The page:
Link to Pubmed [PMID] – 9489525
J. Neurol. Neurosurg. Psychiatr. 1998 Feb;64(2):166-71
OBJECTIVES: Cortical command to upper limb motor neurons is transmitted, in humans, not only through the monosynaptic corticomotor neuronal pathway, but also through cervical premotor neurons. Whether activity in this non-monosynaptic corticospinal pathway is modified in Parkinson’s disease was explored.
METHODS: Ongoing EMG activity recorded in wrist extensors during tonic extension of the wrist is suppressed by a volley evoked by stimulating the superficial radial nerve. It has been shown that this cutaneous induced suppression is due to inhibition of transmission of the cortical command at a premotor neuronal level. By comparing the cutaneous induced EMG depression between 45 de novo parkinsonian patients and 23 age matched controls it has been possible to appreciate if and to what extent the “non-monosynaptic” part of the cortical command is modified in these patients.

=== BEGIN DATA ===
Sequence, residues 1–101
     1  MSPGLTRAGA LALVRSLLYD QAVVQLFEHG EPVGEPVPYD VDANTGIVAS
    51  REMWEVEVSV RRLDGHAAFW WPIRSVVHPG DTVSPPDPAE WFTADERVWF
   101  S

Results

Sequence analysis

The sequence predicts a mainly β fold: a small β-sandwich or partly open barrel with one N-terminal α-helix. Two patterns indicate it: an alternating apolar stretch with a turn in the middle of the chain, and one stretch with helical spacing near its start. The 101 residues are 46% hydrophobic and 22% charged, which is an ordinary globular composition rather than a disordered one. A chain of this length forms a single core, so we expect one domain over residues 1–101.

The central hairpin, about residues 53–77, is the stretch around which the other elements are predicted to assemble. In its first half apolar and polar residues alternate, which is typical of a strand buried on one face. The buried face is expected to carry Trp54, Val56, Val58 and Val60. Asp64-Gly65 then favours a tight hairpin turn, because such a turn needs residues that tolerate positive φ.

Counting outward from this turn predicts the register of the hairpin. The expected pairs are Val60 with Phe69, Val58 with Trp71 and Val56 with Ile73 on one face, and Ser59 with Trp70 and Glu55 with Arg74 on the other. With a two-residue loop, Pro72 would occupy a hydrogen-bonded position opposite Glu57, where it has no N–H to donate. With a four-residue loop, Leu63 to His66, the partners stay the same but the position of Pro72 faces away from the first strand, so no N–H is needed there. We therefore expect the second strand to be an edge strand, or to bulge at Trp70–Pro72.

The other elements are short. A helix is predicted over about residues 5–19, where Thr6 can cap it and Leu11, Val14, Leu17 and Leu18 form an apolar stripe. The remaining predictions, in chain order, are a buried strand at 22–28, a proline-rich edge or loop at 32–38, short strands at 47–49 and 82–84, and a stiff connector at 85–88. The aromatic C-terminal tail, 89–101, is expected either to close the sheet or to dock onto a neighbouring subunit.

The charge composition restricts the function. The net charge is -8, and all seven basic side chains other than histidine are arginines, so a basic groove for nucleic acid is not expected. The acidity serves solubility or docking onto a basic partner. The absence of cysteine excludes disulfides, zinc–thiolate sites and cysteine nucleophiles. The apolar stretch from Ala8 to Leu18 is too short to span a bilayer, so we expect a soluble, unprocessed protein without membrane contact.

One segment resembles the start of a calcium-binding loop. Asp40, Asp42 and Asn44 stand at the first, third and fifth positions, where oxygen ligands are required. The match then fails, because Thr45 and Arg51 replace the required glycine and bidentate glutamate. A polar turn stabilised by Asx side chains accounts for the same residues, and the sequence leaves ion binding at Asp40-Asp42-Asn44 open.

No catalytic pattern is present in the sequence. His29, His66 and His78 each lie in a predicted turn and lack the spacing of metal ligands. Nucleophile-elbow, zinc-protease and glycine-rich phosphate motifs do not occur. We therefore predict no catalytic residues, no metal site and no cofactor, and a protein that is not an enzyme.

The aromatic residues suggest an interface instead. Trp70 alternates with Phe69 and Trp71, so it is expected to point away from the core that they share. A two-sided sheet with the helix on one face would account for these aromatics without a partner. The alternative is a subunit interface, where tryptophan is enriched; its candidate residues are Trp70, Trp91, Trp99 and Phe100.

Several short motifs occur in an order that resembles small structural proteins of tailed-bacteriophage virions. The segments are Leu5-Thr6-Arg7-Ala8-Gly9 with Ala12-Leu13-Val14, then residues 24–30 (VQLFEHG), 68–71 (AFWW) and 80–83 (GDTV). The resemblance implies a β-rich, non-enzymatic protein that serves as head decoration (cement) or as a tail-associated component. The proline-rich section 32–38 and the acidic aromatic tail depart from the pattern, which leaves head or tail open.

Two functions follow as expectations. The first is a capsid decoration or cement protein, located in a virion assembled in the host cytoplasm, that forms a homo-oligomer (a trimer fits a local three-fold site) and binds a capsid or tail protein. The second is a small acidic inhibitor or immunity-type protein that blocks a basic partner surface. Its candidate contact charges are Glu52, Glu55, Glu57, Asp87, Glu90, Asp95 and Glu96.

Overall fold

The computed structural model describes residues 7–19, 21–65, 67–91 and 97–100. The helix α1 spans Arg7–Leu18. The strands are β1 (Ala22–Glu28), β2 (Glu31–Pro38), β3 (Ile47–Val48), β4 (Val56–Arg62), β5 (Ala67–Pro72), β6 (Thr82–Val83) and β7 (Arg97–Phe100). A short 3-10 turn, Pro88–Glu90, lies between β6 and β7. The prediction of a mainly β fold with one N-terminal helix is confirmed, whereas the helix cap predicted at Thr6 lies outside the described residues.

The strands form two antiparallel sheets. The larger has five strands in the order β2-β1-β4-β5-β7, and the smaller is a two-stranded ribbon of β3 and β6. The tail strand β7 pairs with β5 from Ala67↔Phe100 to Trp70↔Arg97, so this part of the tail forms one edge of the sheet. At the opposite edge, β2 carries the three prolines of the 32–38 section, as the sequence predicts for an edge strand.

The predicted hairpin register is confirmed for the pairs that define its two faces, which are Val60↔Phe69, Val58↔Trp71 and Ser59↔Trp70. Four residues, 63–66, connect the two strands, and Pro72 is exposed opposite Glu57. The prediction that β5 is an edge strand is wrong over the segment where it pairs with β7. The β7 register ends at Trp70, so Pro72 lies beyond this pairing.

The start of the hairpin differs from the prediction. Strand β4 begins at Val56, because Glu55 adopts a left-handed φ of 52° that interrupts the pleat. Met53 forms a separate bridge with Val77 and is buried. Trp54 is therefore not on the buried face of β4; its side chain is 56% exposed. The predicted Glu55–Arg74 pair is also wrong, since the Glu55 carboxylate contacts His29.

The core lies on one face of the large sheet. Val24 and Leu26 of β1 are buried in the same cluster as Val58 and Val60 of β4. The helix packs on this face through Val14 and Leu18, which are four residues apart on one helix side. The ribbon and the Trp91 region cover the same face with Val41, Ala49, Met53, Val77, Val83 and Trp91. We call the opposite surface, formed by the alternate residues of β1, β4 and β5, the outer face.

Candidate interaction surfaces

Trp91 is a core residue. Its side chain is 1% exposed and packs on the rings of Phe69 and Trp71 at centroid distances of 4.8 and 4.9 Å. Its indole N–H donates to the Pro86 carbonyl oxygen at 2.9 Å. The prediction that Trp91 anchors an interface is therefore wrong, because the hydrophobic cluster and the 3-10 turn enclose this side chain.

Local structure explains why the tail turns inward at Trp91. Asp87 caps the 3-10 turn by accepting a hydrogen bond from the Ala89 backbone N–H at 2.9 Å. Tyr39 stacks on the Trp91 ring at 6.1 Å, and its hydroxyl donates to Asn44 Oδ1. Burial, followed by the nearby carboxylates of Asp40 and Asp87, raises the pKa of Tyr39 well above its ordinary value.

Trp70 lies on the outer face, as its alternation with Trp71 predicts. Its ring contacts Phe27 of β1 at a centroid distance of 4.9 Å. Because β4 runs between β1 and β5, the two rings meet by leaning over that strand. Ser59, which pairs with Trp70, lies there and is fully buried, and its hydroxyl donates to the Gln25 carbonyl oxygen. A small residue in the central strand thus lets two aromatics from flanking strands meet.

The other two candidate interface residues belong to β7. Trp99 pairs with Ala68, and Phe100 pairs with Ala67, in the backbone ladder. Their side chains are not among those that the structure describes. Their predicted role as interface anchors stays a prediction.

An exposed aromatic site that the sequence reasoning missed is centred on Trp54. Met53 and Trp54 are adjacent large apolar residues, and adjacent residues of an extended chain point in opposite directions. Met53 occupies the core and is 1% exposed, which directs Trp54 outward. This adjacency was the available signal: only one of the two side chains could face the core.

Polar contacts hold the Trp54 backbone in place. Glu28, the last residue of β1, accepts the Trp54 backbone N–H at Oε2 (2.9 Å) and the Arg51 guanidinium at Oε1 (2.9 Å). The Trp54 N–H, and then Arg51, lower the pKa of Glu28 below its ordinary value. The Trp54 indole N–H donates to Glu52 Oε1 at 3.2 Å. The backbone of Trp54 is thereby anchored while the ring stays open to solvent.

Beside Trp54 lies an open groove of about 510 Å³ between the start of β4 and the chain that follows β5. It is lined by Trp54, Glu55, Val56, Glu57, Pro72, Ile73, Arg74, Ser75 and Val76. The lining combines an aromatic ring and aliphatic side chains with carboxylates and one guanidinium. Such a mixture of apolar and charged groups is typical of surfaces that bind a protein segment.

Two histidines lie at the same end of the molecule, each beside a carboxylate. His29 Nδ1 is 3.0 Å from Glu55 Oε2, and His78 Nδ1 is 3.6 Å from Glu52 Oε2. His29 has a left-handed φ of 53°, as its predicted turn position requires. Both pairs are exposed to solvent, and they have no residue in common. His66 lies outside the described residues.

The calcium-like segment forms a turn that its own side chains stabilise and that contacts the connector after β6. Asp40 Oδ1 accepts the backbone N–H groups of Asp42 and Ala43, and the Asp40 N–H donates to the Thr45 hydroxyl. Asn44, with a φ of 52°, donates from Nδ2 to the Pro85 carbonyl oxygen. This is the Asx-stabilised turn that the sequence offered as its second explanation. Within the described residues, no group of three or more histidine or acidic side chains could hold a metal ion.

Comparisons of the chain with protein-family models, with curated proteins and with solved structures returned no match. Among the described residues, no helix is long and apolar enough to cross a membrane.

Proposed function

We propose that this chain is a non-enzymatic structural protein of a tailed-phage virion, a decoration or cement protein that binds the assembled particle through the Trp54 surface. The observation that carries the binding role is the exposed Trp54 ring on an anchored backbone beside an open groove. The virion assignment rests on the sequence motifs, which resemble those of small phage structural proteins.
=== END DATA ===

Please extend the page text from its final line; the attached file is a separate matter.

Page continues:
RESULTS: At the early stage of the illness the EMG depression, reflecting the “non-monosynaptic” part of the cortical command, was bilaterally increased despite very asymmetric clinical status. When the duration of the disease was more than 36 months, EMG depression returned to its control level. No correlation was found between the amount of the EMG depression and parkinsonian symptoms before and after levodopa treatment.
CONCLUSION: Increase of the relative “non-monosynaptic” part of the cortical command could reflect a compensatory motor mechanism elaborated upstream from the motor cortex.https://www.ncbi.nlm.nih.gov/pubmed/9489525